The speed and latency requirements are straight forward — and SpaceX says it meets those requirements — but the problem with basing the amount of grant money awarded by eligible census blocks is that the FCC is working from incorrect data. An error on Form 477, which ISPs use to report how many census blocks across the U.S. are covered by their services, artificially inflated coverage numbers by millions. The FCC rolled out a new form that supposedly fixed that issue, but in choosing how it distributed Rural Digital Opportunity Funds, the FCC was working from 2018 data — data that’s based off of the old, erroneous forms.

“This systematically overstates service. It also leaves disconnected millions of people across the country who get stuck when our maps say they have broadband when they clearly do not,” said FCC commissioner Jessica Rosenworcel in a June 9, 2020 statement, dissenting in part of the planned auction. “Despite having made no efforts to improve our nation’s dubious broadband data, with the new Rural Digital Opportunity Fund we are about to hand out billions in broadband support based on maps we know are wrong.”

The other issue is that SpaceX is committing to provide service in areas where the residents can’t always afford to spend a lot on internet. The company’s new Starlink satellite service currently costs $US100 ($135) a month, and the users have to shell out an additional one-time payment of $US500 ($675) for equipment. Those costs are out of the question for many rural residents. A wired broadband solution, or even a wireless 4G solution, would likely be abetter option based on cost alone.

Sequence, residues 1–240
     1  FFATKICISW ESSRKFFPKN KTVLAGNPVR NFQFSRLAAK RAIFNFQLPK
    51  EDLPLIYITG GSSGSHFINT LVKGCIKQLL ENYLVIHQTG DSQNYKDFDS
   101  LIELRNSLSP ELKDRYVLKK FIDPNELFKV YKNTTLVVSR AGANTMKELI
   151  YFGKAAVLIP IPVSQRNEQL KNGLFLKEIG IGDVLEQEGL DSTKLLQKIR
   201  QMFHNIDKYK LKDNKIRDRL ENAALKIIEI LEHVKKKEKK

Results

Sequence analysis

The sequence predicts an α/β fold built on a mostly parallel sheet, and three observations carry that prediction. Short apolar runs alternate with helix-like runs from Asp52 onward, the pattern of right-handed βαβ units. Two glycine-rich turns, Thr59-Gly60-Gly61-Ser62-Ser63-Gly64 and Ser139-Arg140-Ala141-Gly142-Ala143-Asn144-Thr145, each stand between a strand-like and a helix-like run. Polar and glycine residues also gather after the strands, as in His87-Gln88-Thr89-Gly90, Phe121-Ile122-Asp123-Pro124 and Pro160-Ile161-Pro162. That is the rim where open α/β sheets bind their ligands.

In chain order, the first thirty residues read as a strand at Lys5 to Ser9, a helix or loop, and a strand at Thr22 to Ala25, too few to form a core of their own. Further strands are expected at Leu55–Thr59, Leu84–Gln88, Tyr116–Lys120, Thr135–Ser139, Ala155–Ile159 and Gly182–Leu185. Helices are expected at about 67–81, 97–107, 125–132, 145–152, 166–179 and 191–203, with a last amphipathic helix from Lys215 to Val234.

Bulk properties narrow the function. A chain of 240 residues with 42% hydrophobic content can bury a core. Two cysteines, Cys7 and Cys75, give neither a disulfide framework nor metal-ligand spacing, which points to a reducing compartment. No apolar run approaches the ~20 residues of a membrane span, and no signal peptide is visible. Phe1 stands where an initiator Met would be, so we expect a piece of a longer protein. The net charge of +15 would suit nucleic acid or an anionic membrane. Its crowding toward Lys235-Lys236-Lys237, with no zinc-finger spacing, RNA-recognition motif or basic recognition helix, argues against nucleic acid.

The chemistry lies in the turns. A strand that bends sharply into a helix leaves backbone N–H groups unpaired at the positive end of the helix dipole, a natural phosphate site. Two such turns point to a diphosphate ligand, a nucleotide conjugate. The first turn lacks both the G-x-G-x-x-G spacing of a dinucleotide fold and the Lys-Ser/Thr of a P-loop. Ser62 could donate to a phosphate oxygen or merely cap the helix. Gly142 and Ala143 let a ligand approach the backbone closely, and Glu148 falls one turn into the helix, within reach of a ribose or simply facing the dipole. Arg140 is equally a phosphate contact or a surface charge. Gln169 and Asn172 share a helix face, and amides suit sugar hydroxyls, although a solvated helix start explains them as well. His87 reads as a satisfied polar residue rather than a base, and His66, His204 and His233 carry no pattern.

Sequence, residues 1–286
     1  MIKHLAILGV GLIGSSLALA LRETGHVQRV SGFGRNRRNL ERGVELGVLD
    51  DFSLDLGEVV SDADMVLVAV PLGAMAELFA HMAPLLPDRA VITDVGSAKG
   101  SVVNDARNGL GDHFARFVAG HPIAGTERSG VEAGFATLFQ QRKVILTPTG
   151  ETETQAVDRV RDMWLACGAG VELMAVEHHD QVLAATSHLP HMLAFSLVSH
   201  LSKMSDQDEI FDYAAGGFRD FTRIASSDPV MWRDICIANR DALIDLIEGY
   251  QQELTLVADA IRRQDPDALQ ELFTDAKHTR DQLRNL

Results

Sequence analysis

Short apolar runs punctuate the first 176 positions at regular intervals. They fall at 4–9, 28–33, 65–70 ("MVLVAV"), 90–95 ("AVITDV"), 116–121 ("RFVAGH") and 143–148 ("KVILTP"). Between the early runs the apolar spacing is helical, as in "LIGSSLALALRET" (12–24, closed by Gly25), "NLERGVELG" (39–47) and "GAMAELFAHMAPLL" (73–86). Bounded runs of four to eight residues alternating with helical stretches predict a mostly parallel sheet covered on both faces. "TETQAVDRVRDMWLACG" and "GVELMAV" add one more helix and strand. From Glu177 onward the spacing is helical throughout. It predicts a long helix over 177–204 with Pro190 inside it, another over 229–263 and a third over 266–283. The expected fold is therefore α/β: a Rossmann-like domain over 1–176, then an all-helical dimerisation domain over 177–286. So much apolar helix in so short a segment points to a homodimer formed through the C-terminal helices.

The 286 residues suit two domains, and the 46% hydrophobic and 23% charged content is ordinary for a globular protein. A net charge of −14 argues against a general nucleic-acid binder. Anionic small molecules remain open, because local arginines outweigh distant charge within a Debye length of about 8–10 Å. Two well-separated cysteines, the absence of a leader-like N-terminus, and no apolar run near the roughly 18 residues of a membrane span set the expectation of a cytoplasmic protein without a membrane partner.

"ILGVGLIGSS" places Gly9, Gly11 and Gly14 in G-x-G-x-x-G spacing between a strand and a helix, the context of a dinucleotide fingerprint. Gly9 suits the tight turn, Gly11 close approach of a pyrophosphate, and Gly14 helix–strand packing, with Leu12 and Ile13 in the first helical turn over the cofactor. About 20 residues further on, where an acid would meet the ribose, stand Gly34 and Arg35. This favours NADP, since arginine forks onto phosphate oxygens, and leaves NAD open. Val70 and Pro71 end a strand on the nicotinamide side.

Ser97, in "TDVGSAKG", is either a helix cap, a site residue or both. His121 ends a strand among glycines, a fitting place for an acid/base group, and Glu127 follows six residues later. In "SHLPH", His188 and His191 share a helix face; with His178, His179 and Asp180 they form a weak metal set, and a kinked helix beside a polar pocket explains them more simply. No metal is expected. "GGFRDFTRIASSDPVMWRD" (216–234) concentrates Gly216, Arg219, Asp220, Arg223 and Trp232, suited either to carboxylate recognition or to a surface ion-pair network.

Starlink also suffers from periodic outages, according to Business Insider — not entirely surprising considering the service is still in beta, but not great either. SpaceX is hiring engineers to iron out these issues, but will they be fixed by the time SpaceX has to start rolling out its service according to its agreement with the FCC? People living in rural America already have enough trouble with spotty satellite internet. They don’t need another status-quo service.

Currently, Starlink is available by invite only, and service is only available in the northern U.S. and Canada,” according to the website. The Starlink subreddit keeps an updated list of where users have been accepted into the beta, as well as a list of known bandwidth speeds. Unfortunately, it looks like most of the users who have reported their speeds are located in major cities.

No one type of ISP will help solve the digital divide in the U.S. Satellite alone cannot solve it. It will take a patchwork quilt of wired and wireless internet to reach the furthest corners of the States. But judging by how much money SpaceX received, it seems like the FCC is going all-in on the company’s ability to provide consistent, high-speed wireless internet even though its service has not been tested at-scale and will likely suffer the same pitfalls as other satellite ISPs as more people use the service, like constrained bandwidth speeds and higher latency. Only time will tell if that $US885 million ($1.94 billion) awarded to SpaceX will be money well spent or money wasted.